A baseline blood sample was obtained and serum stored at −20°C or colder at the enrolling site until shipped to the TIMI Core Laboratory at Children's Hospital Medical Center (Boston, Mass), where samples were stored at −80°C. Samples were later analyzed in batches after a single thaw. Cardiac troponin I was measured using the ACS:180 Chemiluminescence cTnI Immunoassay (Bayer Diagnostics, Tarrytown, NY). The ACS:180 assay for cTnI is an automated system using a 2-site sandwich immunoassay and direct chemiluminometric technology. The manufacturer reports the minimum detectable concentration as 0.03 ng/mL. The total imprecision determined in the TIMI Core Laboratory was characterized by a coefficient of variation (CV) (ratio of the SD to the mean) of 10% at 0.4 ng/mL, 15% at 0.2 ng/mL, and 20% at 0.1 ng/mL. Cardiac troponin T was measured on the Elecsys 10/10 (Roche Diagnostics, Indianapolis, Ind). The manufacturer has reported the minimal detectable concentration as 0.01 ng/mL, and a CV of 10% at 0.05 ng/mL.

Statistical Methods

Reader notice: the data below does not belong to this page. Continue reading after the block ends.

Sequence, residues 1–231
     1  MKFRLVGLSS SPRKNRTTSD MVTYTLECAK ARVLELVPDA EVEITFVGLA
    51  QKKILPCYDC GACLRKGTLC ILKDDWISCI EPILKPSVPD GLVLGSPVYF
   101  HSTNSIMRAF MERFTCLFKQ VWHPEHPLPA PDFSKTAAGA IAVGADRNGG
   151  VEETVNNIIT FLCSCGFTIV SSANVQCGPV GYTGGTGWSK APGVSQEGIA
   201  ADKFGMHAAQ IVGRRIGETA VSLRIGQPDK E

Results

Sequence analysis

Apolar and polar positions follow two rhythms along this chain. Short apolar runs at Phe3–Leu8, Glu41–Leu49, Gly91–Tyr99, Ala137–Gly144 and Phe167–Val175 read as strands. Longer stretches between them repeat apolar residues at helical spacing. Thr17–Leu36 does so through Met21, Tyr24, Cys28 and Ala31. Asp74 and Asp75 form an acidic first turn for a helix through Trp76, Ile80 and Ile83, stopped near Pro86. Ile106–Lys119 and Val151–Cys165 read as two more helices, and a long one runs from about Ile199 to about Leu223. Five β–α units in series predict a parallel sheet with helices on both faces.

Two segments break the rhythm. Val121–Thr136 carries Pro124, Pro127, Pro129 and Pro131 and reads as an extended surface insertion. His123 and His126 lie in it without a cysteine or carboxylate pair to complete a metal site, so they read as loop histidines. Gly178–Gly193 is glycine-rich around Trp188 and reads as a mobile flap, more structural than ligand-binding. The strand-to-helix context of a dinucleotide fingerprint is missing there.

The primary end point of the study was the combined incidence of death, MI, and rehospitalization for an acute coronary syndrome at 6 months. All primary end points were adjudicated by an independent clinical endpoints committee, blinded to treatment assignment. The major secondary end point was death or new MI. The primary decision limit for cTnI (0.1 ng/mL) was based on prior work with the assay used in this study.11 A secondary cutpoint was prospectively specified for cTnI, corresponding to the diagnostic limit for MI reported by the manufacturer (1.5 ng/mL). The established clinical threshold for cTnT is 0.1 ng/mL. We also evaluated an additional cutpoint corresponding to a total CV of 10% for both cTnI (0.4 ng/mL) and cTnT (0.05 ng/mL) in accord with recent expert recommendations.12 In supplementary analyses, we divided patients with cTnI levels of 0.1 ng/mL or greater into quartiles of cTnI level. This enabled us to evaluate the behavior of cTnI as a semicontinuous variable.